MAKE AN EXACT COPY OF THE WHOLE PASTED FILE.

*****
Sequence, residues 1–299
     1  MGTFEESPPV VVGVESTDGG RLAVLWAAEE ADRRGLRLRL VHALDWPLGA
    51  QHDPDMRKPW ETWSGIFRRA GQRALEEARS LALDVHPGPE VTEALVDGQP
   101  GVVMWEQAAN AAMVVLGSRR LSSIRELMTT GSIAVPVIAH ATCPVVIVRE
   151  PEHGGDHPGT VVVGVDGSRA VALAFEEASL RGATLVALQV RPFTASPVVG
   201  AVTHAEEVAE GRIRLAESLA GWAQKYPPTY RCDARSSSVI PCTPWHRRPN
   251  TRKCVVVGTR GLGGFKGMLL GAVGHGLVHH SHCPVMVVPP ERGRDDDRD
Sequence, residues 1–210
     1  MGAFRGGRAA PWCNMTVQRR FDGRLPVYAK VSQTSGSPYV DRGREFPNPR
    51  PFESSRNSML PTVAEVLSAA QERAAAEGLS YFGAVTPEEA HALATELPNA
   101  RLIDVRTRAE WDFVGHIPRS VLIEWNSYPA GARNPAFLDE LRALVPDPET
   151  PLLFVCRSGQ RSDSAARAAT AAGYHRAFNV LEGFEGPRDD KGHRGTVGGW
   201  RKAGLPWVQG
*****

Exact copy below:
Sequence, residues 1–299
     1  MGTFEESPPV VVGVESTDGG RLAVLWAAEE ADRRGLRLRL VHALDWPLGA
    51  QHDPDMRKPW ETWSGIFRRA GQRALEEARS LALDVHPGPE VTEALVDGQP
   101  GVVMWEQAAN AAMVVLGSRR LSSIRELMTT GSIAVPVIAH ATCPVVIVRE
   151  PEHGGDHPGT VVVGVDGSRA VALAFEEASL RGATLVALQV RPFTASPVVG
   201  AVTHAEEVAE GRIRLAESLA GWAQKYPPTY RCDARSSSVI PCTPWHRRPN
   251  TRKCVVVGTR GLGGFKGMLL GAVGHGLVHH SHCPVMVVPP ERGRDDDRD
Sequence, residues 1–210
     1  MGAFRGGRAA PWCNMTVQRR FDGRLPVYAK VSQTSGSPYV DRGREFPNPR
    51  PFESSRNSML PTVAEVLSAA QERAAAEGLS YFGAVTPEEA HALATELPNA
   101  RLIDVRTRAE WDFVGHIPRS VLIEWNSYPA GARNPAFLDE LRALVPDPET
   151  PLLFVCRSGQ RSDSAARAAT AAGYHRAFNV LEGFEGPRDD KGHRGTVGGW
   201  RKAGLPWVQG